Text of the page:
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Vermicomposting only paper experiment

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Vermicomposting paper carbon only

What is vermicomposting

Vermicomposting is the process of using worms to break down organic material, such as food waste, into nutrient-rich compost. This compost can then be used as a natural fertilizer for plants. Vermicomposting is a type of composting that can be done on a small scale, such as in a backyard or even indoors.

To start a vermicomposting system, you will need a container, bedding material, food waste, and worms. You can use a plastic bin, a wooden box, or even a large bucket or tub as the container. Shredded paper or other organic material, such as leaves or straw, can be used as bedding for worms. You can feed the worms food waste, such as vegetable scraps and fruit peels, and the worms will break it down into compost. Red worms, also known as red wigglers, are commonly used for vermicomposting because they are efficient at breaking down organic material.

Vermicomposting is a simple and effective way to recycle food waste and create a natural fertilizer for plants. It can be done on a small scale, such as in a backyard or indoors, and can help reduce the amount of waste sent to landfills.

Let’s try

I have the bedding only made of paper. I want to see how it looks after it has been processed by worms. I started an experiment with vermicomposting on carbon-only bedding. I started an experiment with vermicomposting on carbon-only bedding, and I am hoping it is going to produce very interesting results. The bedding doesn’t contain any soil. The bedding doesn’t contain any soil, but it is full of carbon. Shredded paper, yerba mate, and tea bags — that is it.   Composting with worms is definitely one of the neatest things I have done in a long time. It has been extremely fun, educational, and easy! I’ve been hesitant about the whole worm thing for quite some time.   I would have to take the blame for not jumping on board with this whole worm thing sooner! Worm composting is such an efficient and inexpensive way to create rich soil in my garden. The idea is to have paper totally processed to fine grained pieces and use it as fertilizer for my vegetables.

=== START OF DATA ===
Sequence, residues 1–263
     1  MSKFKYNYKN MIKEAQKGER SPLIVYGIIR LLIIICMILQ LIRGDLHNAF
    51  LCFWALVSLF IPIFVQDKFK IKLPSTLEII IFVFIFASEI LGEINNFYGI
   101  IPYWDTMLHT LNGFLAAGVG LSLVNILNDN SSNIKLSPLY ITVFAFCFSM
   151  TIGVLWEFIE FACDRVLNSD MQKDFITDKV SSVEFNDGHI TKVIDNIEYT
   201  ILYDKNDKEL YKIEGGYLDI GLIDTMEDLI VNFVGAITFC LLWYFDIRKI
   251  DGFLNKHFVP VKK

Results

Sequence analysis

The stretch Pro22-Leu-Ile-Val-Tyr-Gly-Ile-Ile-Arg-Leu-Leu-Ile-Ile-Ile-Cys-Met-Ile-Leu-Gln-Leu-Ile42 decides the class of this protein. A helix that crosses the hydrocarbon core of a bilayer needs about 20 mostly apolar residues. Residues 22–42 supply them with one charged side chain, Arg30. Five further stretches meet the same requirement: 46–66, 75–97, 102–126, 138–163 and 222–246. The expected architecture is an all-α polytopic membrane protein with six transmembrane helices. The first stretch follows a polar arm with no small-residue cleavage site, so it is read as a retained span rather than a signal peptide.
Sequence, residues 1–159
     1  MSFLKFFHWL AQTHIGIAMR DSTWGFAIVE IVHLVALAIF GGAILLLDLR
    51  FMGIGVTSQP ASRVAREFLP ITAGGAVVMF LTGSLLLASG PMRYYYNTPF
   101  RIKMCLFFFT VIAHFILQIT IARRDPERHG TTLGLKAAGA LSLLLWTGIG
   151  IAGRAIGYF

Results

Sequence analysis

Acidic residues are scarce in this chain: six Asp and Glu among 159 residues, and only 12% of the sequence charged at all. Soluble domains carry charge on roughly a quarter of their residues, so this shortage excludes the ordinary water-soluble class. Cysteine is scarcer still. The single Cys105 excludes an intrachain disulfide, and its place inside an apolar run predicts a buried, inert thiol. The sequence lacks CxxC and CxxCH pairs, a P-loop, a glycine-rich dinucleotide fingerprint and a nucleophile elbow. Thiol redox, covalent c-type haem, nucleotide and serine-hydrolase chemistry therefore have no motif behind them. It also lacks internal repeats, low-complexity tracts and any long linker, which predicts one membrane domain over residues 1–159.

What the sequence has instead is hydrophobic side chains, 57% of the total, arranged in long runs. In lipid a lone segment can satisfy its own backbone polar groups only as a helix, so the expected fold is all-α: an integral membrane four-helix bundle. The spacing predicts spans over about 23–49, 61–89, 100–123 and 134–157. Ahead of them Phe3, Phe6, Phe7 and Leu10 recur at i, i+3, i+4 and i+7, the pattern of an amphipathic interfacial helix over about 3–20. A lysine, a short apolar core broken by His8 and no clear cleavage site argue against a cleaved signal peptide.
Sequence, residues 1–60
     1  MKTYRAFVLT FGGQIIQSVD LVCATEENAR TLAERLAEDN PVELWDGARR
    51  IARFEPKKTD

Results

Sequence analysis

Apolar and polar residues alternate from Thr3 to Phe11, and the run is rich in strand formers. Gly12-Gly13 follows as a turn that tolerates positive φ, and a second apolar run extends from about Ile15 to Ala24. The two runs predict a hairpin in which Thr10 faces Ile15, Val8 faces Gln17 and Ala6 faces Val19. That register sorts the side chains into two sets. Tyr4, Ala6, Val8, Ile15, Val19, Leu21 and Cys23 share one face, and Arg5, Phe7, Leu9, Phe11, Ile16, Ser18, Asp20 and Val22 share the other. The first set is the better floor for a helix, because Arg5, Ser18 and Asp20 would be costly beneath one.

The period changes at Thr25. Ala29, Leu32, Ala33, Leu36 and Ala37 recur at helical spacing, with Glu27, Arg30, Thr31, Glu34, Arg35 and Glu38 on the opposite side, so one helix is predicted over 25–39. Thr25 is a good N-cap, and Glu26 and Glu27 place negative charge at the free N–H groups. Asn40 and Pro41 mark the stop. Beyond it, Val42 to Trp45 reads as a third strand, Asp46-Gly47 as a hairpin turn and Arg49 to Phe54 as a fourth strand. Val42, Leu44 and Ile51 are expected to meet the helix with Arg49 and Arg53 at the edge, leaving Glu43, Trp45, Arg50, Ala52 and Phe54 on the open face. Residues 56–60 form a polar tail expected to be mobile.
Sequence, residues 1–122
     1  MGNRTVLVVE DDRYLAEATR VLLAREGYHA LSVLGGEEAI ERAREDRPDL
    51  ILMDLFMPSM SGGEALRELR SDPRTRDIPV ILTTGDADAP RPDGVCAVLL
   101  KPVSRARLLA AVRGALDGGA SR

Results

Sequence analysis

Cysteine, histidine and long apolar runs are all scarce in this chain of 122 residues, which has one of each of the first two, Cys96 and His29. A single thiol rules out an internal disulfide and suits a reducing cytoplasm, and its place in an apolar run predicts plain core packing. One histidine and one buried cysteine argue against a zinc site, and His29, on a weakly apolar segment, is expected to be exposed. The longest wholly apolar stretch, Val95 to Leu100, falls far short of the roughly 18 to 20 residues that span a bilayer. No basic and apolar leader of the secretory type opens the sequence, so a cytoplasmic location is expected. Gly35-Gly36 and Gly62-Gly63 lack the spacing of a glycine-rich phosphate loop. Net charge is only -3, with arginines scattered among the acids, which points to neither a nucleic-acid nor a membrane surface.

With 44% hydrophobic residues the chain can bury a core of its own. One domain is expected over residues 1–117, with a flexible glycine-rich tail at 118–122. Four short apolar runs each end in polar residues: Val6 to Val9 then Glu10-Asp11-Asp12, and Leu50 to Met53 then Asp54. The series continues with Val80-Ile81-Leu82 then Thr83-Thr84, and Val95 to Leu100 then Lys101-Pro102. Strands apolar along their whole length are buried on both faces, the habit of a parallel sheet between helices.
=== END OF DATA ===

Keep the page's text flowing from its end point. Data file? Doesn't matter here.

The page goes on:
Update 11/30

11/30: paper shreds have become brown and dark brown – an indication of breaking down

Paper vermicomposted

12/25 – I poured too much water. I noticed some worms died. I am now adding dry stuff to rescue the situation. Lesson learned – be careful with water!